This is something I've used off and on for years, as well as the multitude of tips and advice you can find all over her website. By reading what she has to offer in response to reader's questions or of her own volition, you get honest, direct, doable-for-the-average-human-being lessons on how to cook, clean and not go crazy.  I'm still not there on the cooking part, but her cleaning chart has given me a sense of direction for my living space, preventing me from being so overwhelmed by the mess and trying to clean All The Things, All At Once, Now, Today.  It's also helped minimize my level of perfectionism; because I know that I will get around to the kitchen again next week, I'm okay if I didn't get the refrigerator spotless this time.  Eventually, with consistency, week after week, it will get to some semblance of cleanliness, and stay within the neighborhood of hygienic.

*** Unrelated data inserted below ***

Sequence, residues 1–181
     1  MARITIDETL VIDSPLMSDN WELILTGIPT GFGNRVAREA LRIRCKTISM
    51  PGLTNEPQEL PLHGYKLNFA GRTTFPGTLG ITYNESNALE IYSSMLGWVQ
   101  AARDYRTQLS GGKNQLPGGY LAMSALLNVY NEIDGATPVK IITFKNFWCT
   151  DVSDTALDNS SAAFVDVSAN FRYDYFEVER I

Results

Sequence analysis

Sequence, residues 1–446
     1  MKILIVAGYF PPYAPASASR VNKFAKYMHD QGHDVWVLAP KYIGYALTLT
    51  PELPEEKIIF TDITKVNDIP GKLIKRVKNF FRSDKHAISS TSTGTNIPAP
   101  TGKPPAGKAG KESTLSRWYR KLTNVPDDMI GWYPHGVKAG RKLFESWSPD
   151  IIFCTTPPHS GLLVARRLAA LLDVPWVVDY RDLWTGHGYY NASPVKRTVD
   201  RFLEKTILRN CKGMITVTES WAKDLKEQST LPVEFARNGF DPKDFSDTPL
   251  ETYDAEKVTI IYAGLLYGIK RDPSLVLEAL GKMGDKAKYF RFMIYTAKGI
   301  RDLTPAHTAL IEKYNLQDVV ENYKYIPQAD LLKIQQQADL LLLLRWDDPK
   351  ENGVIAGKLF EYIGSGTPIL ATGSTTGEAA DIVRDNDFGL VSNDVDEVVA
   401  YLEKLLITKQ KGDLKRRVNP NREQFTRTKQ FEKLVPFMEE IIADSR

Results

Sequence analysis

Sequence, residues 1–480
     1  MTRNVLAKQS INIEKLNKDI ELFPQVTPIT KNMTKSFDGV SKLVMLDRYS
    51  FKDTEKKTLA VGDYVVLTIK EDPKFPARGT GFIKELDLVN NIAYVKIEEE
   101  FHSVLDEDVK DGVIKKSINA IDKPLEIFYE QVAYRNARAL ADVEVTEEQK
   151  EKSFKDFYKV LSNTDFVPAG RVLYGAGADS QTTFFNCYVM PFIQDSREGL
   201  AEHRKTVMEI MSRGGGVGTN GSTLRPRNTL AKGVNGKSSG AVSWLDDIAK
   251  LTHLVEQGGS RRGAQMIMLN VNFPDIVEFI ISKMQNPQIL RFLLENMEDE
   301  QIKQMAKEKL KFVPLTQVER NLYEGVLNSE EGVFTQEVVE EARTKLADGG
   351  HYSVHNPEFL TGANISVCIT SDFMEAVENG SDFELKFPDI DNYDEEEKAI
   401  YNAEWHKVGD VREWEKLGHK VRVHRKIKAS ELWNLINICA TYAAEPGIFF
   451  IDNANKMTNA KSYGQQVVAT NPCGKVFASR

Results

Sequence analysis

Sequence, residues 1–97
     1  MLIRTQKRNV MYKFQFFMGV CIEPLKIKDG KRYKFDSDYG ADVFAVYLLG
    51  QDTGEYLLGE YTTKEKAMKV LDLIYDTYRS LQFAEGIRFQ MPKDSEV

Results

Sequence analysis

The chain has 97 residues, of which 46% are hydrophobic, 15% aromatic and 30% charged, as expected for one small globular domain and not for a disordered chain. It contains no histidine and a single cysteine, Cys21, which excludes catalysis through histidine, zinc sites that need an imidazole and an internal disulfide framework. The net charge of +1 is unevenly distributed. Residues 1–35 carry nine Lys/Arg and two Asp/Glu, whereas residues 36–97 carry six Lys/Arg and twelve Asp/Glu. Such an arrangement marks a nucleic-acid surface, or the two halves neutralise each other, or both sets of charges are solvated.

4.) Inertia